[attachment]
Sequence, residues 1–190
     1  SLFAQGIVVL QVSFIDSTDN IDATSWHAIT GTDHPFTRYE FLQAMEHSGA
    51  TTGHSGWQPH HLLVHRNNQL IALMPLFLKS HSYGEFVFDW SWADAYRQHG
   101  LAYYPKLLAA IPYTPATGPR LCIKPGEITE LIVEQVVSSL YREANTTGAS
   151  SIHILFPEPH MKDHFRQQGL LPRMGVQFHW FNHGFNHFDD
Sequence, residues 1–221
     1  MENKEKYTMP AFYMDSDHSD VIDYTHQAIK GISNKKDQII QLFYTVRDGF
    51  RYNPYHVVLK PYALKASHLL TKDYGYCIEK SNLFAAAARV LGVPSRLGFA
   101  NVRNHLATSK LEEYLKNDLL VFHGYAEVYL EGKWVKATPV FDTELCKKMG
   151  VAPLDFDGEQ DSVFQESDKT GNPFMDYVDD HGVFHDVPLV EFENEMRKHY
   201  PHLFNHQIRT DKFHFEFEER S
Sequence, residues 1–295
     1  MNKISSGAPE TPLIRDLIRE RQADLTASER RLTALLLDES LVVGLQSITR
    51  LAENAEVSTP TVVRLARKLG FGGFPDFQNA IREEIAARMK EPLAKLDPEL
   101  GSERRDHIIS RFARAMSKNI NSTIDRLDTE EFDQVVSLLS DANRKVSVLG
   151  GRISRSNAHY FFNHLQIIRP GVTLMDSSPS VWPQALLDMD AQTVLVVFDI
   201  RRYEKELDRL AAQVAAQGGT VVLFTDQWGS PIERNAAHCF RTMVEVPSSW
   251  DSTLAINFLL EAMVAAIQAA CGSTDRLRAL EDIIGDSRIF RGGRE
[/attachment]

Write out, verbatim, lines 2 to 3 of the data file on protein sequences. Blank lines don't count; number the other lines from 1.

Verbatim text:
     1  SLFAQGIVVL QVSFIDSTDN IDATSWHAIT GTDHPFTRYE FLQAMEHSGA
    51  TTGHSGWQPH HLLVHRNNQL IALMPLFLKS HSYGEFVFDW SWADAYRQHG